Nitric Oxide Modulates MCP-1 Expression in Endothelial Cells: Implications for the Pathogenesis of Pulmonary Granulomatous Vasculitis

Department of Pathology, University of Michigan Medical School, Ann Arbor, Michigan 48109-0602, USA.
Inflammation (Impact Factor: 2.21). 09/2003; 27(4):213-23. DOI: 10.1023/A:1025036530605
Source: PubMed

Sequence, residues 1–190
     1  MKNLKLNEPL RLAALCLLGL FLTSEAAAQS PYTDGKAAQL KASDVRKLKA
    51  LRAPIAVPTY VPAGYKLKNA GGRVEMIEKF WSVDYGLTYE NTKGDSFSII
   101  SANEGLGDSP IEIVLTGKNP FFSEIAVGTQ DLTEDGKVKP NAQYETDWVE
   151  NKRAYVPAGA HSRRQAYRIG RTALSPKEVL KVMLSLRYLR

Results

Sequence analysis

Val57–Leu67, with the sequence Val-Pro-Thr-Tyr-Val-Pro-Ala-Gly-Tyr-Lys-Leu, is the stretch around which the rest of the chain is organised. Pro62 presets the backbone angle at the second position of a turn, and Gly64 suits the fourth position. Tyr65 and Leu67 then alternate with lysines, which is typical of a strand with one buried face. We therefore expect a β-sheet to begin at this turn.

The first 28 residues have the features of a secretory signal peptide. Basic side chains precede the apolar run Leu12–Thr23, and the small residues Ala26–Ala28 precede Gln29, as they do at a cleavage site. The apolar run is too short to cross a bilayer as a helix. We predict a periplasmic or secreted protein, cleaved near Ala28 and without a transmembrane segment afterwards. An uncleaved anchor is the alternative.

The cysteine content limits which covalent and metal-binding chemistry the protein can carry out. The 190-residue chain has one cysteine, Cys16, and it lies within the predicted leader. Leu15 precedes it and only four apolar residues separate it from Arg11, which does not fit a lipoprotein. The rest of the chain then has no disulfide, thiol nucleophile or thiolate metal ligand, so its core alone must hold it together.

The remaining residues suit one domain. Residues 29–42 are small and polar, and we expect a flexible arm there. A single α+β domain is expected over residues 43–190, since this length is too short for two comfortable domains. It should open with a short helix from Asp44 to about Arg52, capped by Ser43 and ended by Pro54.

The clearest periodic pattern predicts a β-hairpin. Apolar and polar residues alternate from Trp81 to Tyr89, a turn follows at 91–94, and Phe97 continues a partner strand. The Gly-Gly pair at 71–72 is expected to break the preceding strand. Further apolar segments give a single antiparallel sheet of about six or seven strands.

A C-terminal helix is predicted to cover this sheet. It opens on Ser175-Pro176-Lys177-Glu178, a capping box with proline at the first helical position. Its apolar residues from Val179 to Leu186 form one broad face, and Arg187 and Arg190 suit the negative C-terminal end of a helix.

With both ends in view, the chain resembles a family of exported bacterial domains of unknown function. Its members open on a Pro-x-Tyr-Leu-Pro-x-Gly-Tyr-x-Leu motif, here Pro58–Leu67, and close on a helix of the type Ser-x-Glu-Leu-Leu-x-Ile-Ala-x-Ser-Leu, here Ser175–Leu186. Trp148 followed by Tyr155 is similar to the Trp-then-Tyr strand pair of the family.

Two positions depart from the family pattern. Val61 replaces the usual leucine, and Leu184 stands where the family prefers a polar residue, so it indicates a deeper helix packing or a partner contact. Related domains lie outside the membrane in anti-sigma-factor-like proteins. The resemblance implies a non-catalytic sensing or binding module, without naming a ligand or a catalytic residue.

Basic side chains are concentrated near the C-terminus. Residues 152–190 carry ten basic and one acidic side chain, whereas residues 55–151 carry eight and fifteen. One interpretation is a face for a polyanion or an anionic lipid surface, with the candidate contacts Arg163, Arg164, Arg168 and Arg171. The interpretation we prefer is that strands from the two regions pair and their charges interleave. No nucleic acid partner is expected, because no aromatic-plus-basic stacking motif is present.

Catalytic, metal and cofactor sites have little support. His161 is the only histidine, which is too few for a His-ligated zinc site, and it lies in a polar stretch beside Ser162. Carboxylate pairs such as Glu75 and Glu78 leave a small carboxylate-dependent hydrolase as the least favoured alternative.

Monocyte chemoattractant protein-1 (MCP-1) is a pivotal mediator of angiocentric granuloma formation in glucan-induced pulmonary granulomatous vasculitis. Based on the rationale that mononuclear phagocytes retrieved from granulomas are rich sources of nitric oxide (NO) and that the recruitment of mononuclear phagocytes into lesions abates as granuloma formation slows, we tested the hypothesis that MCP-1 gene expression is regulated by a NO-sensitive mechanism. Preexposure of endothelial cell (EC) monolayers to NO donor compounds markedly reduced cytokine-induced MCP-1 expression and cytosolic-to-nuclear translocation of nuclear factor-kappa B (NF-kappaB), reversed fluctuations in endothelial reduced glutathione (GSH) pools but did not affect cGMP concentrations. The lungs of mice bearing targeted disruptions of the inducible nitric oxide synthase (iNOS) gene exhibited significantly higher concentrations of MCP-1 following glucan infusion than did those of wild-type mice. Cumulatively, these data suggest that NO suppresses MCP-1 expression by blunting the redox changes associated with cytokine-induced EC activation.